Posts Tagged ‘running’

When I think of encouragement,

I think of Jack Pera,

who stood every year

at the top of Imogene Pass—

in snow, in sun, in sleet, in fog.

On race day, a thousand plus runners

would reach the top,

weary, having climbed

over five thousand feet in ten miles,

and Jack, he would hold out his hand

and pull each of us up the last foot,

launching us toward the long downhill finish.

I remember how surprised I was

the first time, and grateful,

grateful to feel him reaching for me,

grateful to feel his powerful grip

yanking me up through the scree.

“Good job,” he’d say to each one of us,

cheering us though we were sweaty

and drooling and panting and spent.

After that first race, I knew to look for him

as I climbed the last pitch,

trying to make out his form

at the top of the ridge.

And there was. Every time.

“Good job,” he’d say

as he made that last steep step

feel like flight.

There are people who do this,

who hold out their hand,

year after year,

to help those who need it.

There are people who carry us

when we most need it,

if only for a moment.

When I heard today Jack had died,

I couldn’t help but imagine

an angel waiting there above him

as he took his last breath,

an angel with a firm grip and a big smile

holding out a hand, pulling him through that last effort,

telling him, “Good Job, Jack. Good job.”

And may he have felt in that moment

the blessing of that encouragement,

totally ready to be launched into whatever came next.

Good job, Jack Pera. Good job.

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running and running

but the finish line keeps moving

until at last

the wise voice asks

are you sure this is a race?

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One More Step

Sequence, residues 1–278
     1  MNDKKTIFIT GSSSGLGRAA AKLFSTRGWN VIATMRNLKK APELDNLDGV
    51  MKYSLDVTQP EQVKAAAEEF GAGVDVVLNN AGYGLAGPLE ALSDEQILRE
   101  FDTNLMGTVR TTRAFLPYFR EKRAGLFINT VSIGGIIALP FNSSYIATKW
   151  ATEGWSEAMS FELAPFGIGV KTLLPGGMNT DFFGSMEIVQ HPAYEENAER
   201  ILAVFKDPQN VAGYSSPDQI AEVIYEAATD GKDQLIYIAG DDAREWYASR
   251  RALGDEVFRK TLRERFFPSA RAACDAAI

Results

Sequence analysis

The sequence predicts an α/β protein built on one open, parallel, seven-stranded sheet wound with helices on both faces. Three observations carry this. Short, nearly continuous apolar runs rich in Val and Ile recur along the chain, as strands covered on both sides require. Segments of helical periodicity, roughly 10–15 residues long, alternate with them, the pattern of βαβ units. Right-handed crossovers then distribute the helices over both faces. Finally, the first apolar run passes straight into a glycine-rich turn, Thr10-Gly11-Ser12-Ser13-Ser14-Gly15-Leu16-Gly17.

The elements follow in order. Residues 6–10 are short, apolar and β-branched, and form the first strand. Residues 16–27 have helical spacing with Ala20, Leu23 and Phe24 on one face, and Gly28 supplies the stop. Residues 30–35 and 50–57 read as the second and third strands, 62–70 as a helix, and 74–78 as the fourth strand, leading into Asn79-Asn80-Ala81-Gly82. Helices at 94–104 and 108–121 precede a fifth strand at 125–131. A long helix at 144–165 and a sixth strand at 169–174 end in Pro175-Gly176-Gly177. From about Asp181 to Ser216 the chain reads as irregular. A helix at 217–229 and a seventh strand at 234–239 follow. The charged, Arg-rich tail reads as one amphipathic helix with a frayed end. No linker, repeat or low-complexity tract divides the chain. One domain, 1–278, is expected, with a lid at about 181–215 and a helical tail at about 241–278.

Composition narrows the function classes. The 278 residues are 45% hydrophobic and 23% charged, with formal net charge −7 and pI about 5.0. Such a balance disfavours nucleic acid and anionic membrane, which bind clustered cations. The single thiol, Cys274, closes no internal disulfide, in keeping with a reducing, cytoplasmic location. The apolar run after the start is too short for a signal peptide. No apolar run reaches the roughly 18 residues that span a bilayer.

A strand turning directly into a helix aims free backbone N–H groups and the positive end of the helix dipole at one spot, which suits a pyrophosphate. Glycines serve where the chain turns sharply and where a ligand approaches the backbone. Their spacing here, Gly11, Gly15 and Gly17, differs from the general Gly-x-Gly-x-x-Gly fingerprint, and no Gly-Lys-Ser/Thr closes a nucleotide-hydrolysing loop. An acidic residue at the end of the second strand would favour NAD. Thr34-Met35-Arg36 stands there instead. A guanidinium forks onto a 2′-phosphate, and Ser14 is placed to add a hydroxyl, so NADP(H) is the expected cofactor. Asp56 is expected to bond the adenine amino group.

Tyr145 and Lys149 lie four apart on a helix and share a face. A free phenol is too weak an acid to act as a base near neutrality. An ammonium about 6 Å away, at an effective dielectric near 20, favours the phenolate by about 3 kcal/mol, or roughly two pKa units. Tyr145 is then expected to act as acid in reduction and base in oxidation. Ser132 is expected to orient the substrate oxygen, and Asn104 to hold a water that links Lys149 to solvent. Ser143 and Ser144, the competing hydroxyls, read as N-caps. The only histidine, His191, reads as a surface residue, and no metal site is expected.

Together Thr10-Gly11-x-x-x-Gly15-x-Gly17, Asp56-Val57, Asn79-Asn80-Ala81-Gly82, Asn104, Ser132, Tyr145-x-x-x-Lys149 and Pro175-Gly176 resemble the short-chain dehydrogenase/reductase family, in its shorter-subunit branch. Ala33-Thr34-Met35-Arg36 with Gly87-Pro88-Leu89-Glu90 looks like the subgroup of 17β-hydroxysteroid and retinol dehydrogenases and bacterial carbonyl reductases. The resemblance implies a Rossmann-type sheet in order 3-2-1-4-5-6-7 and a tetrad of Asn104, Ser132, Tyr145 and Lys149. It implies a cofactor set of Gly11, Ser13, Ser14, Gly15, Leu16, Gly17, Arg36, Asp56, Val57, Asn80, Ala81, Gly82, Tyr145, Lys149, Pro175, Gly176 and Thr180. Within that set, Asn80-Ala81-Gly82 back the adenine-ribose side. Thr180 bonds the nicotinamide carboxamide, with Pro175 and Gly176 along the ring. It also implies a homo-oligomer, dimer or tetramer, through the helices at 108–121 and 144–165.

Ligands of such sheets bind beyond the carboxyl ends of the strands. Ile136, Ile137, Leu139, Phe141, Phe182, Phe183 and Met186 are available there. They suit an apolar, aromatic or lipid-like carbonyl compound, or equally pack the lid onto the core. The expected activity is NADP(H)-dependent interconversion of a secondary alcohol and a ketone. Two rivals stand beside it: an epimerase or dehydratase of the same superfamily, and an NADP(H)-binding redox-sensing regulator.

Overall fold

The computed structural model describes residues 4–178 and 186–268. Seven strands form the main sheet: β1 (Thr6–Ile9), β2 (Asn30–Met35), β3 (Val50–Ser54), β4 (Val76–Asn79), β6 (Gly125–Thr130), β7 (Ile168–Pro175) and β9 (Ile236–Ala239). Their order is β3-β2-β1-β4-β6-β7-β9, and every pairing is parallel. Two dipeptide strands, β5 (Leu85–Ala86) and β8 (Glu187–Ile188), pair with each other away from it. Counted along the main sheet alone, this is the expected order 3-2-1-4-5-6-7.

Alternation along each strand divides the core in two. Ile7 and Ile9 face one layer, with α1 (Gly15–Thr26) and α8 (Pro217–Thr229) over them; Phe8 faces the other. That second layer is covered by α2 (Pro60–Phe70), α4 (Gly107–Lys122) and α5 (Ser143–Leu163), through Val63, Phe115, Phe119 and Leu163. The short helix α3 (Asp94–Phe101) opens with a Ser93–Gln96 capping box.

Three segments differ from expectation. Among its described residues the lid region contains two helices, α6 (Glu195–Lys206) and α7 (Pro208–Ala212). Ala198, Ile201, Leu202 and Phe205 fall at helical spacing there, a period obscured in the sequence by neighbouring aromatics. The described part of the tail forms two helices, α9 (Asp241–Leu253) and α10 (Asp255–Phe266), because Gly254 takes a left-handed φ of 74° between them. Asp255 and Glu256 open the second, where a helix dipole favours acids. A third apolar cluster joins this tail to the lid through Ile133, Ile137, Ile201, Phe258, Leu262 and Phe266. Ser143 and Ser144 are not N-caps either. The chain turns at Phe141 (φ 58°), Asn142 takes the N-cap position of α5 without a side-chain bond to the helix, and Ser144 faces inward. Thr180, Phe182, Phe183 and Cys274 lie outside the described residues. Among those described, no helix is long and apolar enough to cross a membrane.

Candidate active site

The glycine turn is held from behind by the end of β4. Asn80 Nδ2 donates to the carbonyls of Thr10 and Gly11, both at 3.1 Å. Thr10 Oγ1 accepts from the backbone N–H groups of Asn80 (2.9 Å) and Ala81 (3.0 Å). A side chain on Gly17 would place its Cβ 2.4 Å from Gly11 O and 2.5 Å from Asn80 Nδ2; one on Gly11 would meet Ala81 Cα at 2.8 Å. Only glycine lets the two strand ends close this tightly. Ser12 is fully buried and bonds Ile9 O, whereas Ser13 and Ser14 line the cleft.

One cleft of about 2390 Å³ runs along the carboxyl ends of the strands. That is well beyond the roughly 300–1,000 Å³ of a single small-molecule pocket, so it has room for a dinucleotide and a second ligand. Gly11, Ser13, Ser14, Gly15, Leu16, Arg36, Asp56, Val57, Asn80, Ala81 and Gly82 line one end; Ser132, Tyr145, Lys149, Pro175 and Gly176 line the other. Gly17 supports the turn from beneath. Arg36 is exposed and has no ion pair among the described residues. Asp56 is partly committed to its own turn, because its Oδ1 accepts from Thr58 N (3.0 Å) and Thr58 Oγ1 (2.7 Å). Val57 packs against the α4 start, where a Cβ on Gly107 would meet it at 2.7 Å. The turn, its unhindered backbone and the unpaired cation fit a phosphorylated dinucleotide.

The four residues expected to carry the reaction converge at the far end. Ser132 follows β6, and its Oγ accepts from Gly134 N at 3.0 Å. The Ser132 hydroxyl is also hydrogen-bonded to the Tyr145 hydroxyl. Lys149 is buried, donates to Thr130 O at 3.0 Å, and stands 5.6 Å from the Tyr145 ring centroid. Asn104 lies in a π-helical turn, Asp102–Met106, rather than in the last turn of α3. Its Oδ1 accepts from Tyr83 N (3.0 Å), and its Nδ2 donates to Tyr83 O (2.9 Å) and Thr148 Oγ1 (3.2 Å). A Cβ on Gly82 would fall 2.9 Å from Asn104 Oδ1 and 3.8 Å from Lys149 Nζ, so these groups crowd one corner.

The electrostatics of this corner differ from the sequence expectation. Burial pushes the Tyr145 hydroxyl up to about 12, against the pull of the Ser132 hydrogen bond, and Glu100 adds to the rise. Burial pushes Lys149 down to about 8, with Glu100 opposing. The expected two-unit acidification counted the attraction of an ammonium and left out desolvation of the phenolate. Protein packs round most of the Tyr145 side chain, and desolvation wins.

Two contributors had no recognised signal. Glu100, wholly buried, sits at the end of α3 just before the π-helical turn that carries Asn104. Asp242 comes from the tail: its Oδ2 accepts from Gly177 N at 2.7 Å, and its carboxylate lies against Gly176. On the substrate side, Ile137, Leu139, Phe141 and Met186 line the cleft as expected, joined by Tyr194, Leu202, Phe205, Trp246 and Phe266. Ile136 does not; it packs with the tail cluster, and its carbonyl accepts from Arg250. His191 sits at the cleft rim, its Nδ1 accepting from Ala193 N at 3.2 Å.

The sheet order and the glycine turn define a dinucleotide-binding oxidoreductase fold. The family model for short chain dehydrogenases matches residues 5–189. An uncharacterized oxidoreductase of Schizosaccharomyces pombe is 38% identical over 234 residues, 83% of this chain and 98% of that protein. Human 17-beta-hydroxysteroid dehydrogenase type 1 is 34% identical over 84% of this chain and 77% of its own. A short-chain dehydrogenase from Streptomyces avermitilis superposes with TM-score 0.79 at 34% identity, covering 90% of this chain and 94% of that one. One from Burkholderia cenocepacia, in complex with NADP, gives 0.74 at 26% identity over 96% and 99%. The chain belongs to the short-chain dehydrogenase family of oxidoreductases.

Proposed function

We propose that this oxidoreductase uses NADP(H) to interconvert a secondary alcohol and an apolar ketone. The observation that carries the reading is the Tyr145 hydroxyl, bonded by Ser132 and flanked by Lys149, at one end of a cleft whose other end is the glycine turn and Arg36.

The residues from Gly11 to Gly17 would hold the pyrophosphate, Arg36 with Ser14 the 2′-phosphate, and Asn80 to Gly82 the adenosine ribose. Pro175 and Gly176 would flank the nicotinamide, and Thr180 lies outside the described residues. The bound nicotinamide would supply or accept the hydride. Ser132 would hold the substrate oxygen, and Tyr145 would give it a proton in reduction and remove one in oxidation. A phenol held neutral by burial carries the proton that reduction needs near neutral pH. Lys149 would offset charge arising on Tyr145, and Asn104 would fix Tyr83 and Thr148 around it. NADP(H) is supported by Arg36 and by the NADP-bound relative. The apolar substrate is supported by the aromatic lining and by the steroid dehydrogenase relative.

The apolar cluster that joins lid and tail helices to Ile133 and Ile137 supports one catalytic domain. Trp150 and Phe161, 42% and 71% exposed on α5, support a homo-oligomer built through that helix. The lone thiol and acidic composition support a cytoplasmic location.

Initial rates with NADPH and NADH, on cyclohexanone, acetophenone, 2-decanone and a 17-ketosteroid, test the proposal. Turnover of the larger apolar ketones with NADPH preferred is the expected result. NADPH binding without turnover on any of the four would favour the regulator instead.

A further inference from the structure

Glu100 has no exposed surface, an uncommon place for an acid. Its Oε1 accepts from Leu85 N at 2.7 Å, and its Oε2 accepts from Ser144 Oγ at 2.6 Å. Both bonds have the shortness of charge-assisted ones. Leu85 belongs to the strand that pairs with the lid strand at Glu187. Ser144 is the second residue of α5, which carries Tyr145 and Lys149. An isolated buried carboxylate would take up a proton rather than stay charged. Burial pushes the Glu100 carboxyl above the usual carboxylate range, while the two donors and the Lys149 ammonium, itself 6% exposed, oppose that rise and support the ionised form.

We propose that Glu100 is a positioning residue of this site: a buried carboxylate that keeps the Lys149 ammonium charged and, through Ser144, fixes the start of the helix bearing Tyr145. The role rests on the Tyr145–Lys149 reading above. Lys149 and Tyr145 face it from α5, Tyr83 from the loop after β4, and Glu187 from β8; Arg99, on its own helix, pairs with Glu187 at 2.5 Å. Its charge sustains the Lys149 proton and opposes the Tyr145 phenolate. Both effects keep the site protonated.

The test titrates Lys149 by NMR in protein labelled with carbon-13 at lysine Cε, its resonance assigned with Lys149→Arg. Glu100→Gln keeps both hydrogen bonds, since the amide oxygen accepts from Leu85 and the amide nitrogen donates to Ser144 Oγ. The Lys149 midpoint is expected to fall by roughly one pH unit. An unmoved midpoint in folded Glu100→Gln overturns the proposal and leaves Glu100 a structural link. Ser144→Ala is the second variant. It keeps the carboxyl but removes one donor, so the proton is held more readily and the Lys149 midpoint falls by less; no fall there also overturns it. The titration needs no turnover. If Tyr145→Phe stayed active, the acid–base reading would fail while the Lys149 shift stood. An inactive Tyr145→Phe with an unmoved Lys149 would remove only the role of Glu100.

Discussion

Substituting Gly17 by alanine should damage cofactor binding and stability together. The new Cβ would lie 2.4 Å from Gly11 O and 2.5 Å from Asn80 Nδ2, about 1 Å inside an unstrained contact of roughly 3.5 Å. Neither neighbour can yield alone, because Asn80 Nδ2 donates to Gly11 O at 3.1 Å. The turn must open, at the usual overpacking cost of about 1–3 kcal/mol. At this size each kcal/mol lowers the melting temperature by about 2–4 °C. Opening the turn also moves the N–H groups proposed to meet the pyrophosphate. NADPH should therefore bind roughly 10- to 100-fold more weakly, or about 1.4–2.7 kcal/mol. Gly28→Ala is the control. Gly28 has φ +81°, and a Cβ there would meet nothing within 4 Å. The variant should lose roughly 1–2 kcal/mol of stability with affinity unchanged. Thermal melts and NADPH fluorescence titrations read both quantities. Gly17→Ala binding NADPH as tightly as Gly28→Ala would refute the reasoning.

after crossing the finish line,

we keep on running—

joy, the reason to run

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Love reign o’er me, rain on me, rain on me.

—Pete Townshend



And it does rain, not just a sprinkle

but sheets of rain, pelting rain,

a punishing, unapologetic rain,

and I huddle beneath the thin shelter

where some government agency

must have once thought a map should be.

But there is no map. The metaphor

is not lost on me. I watch the rain

turn to hail. It makes an angry music

on the metal roof as it covers the dirt

with white.


We who pray for rain do not pray

for it to be like this—we imagine

perhaps something tender, something soft,

something gentle like the voice of a lover,

like the hum that wraps us when words

are lost inside kisses. But rain, like love,

rules us in ways we could never predict.


The road is no longer dusty nor dry,

and after twenty minutes I leave my thin canopy

and run into the drizzle. Everywhere is puddle,

a playground for those who are fond

of such play. I play. The sky is gray

and rumbles as if to say it will do

as it damn well wants. The rain

is cool, and my body churns until

my skin is hot again, so hot that when

the rain comes down hard again

this time I do not hide.


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If you must know, I was scared,
running above tree line in a snowstorm,
unable to see more than twenty feet in front
of my slipping feet. And no one else around.

So why did I keep running? Was it courage?
Determination? Stubborn foolishness?
When the story ends happily ever after,
it is easy to forget there was another possible ending,

but sometimes these alternate worlds
invite themselves into our thoughts,
strange tides of what if? and what then?
Though they are unpleasant, I welcome them.

Why not? I am safe, and they are like
the mean girls, the ones who say the cruelest things,
but because there is no truth in what they say,
it’s not so hard to just nod my head and smile.

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Four Runnings

in the field
a starting line


one step,
one more step,
one, one, one


watching the bird
watch me watching
the bird


bouquet of rain
every breath
a baptism

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In the heart of the city
the boy runs,
he leaps and arrives
in every puddle
until he is drenched,
dazzlingly wet.
His laugh is the laugh
we forget is always here
waiting to be laughed
come sun, come rain.

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